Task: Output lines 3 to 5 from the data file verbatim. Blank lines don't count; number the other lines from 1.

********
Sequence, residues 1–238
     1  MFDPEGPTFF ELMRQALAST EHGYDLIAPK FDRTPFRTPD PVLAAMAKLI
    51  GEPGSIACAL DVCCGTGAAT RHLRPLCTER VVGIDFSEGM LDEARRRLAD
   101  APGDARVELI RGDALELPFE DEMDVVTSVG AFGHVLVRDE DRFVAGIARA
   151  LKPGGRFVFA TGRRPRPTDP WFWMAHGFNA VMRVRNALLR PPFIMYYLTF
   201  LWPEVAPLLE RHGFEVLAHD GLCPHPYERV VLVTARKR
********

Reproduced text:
    51  GEPGSIACAL DVCCGTGAAT RHLRPLCTER VVGIDFSEGM LDEARRRLAD
   101  APGDARVELI RGDALELPFE DEMDVVTSVG AFGHVLVRDE DRFVAGIARA
   151  LKPGGRFVFA TGRRPRPTDP WFWMAHGFNA VMRVRNALLR PPFIMYYLTF